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I'm trying to perform image classification with a CNN. In my case, the inputs are the covers of 9 books, so there are 9 labels. I am using TensorFlow's Keras.

If I pass a new input (that has a label different than one of the 9 labels the CNN was trained with), it will be classified as one of the 9 books, even though it's not a book (but it's e.g. a wall, sofa, house, etc.). I want to avoid this. I want the model to first classify whether there is a book in the image and then classify the book in 9 classes. How could I achieve this?

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You can introduce another class to your network - "not a book". After that, you will need to add new data to your dataset, random images that do not contain books to classify and train your network on that data. So when your network won't see a book it will output high probability for "not a book" class, if an image with a book will be shown to the network probability of the "not a book" class should be low.

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  • $\begingroup$ I'm wondering which would work better: adding a new class of "not a book" or first of all classifying between "book" and "not a book" and then only passing the image to the book classifier if it first of all classifies as "book"? $\endgroup$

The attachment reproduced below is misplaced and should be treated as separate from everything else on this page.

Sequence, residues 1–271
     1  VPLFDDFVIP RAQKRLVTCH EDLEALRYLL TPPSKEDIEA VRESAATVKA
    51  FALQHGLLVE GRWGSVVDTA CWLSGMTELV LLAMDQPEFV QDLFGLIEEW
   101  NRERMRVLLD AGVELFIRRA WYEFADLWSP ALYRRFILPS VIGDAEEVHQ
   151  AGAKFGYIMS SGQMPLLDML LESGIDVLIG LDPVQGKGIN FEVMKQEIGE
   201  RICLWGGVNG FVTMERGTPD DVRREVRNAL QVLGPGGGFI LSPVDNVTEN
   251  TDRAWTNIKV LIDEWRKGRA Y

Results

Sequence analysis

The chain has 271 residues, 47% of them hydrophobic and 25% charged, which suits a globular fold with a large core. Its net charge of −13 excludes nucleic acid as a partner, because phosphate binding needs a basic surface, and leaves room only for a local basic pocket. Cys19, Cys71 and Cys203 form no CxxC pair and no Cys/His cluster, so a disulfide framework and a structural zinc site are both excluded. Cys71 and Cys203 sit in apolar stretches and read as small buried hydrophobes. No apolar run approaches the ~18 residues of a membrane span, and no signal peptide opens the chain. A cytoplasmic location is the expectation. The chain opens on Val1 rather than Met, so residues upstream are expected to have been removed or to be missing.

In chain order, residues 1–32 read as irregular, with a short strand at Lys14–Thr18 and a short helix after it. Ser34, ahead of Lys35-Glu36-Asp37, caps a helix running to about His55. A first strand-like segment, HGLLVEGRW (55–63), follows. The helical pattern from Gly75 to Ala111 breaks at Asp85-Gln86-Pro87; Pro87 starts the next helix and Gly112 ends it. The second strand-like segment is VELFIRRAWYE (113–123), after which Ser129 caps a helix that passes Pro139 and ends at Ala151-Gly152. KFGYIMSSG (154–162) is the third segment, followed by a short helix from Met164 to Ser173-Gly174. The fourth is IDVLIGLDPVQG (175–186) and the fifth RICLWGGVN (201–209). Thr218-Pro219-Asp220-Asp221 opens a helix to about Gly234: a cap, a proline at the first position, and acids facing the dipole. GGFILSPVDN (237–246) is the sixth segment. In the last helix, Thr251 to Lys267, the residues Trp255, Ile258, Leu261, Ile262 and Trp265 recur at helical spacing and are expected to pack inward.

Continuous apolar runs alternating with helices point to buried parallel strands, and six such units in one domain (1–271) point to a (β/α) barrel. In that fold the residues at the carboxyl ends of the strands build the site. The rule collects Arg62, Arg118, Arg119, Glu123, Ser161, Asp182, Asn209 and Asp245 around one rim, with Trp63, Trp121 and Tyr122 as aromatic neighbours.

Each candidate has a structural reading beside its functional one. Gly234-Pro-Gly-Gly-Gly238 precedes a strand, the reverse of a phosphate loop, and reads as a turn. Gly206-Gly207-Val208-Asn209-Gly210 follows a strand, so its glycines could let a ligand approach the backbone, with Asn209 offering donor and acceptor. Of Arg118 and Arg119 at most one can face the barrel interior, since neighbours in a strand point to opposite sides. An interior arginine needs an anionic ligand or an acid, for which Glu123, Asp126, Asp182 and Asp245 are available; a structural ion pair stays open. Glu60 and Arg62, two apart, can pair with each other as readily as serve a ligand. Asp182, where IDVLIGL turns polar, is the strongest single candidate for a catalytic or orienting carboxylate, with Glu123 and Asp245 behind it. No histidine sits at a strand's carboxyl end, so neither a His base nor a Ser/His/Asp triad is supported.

– Peter K.
    Dec 12 '18 at 19:48
  • $\begingroup$ Well, with this approach, you already classify an image as "book" or "not a book". I think having one ML model to do this is better since if you will introduce another model the number of correctly predicted classes will depend on two models and you will need to fine tune them both. For example, your first model may fail to categorize an image as a book when there is a book and it will not be passed to the 2nd model. So with this approach, you will need to worry only about one model, not two. $\endgroup$
    – Andrew
    Dec 12 '18 at 20:25

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